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Lord Ashdown: nation states are ceding power to multinationals
The era of monolithic nation states, led by the US as a clear global leader, is coming to an end, says former Liberal Democrat leader Lord Ashdown.
The world is about to enter a protracted power struggle, with states gradually ceding power to multinational corporations, according to former Liberal Democrat leader Lord Ashdown.
Ashdown expects competing interests to jockey for their position in the global hierarchy. ‘We live through cycles of history when you have long periods of stability. The leaders are established, the powers are in control and we know the rules. The powerful remain the powerful throughout those periods,’ he said, speaking at a Citywire conference for wealth managers.
Although many historians see the 20th century as one of the bloodiest in history, Ashdown argued that it was in fact a period with clear power structures in place. The role of the US as global leader has long gone unchallenged, just as Europe’s role as the most powerful region in the world was accepted for more than 100 years prior to that.
‘To have a single nation so dominating the entire world as we have just seen, the period we are coming out of, is a very rare occasion. It happened at the height of the Roman Empire, arguably during the British empire and now for the last 50 years,’ he said.
But he warned: ‘If you think you have seen change, you ain’t seen nothing yet.’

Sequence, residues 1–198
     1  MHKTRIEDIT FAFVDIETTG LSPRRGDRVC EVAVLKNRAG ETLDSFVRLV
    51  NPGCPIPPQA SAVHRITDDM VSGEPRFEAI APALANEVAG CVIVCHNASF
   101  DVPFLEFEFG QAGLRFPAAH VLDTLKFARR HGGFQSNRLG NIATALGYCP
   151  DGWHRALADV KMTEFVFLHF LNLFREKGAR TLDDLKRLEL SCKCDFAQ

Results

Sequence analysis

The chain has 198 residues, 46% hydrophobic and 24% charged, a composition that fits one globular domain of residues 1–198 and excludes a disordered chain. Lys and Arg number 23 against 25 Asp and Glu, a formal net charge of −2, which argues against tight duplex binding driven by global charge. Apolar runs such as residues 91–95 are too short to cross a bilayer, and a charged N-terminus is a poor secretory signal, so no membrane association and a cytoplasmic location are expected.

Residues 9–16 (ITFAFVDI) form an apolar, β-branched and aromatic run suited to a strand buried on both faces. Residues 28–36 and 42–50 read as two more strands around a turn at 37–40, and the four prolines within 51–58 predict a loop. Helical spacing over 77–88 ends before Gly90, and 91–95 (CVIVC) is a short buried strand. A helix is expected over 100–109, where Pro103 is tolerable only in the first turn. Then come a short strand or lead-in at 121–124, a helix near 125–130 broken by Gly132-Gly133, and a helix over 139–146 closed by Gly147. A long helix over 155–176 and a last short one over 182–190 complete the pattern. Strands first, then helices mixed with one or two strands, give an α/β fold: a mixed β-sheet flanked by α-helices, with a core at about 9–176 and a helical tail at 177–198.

The changes ahead
With unprecedented technological advancements making the world more interconnected than ever, power will now shift from nation states to corporations, institutions and treaty-based bodies. ‘The revelation of 9/11 is that you can be the most powerful nation in the world but it doesn’t stop the unregulated powers attacking you.’
The world will also be increasingly unregulated, as a freer flow of information chips away at traditional power structures. ‘Old powers of the nation, determined and constrained by their borders, are the ones that are declining,’ he said.
‘If you look at the powers that are now on the global stage, one unconstrained by national frontiers, those are the ones that are expanding,’ he said, adding that corporations with more money than nation states would be increasingly able to flex their muscles and influence governments.
US in gradual decline
Although he feels it is clear the US is slipping from its position as the world’s pre-eminent power, he emphasised this transition will be protracted, and he still expects the country to remain the global leader for several decades at least. ‘America is, relatively speaking, declining from its role of colossus, where it could do anything it liked in the world.
‘Any plans you are making on the world looking like it has looked for the last 50 years in a mono-polar world are likely to be undermined.’
However, investors expecting China to step in to fill America’s shoes should be wary, as Ashdown, who is fluent in Mandarin, said he believes the country will see a huge level of turmoil before it can rise to global leader. ‘I think China will have to go through a very considerable period of internal instability,’ he said.
He also cautioned those who perceive China as belligerent, arguing the state works in its own interest and would prefer peace to aggression.
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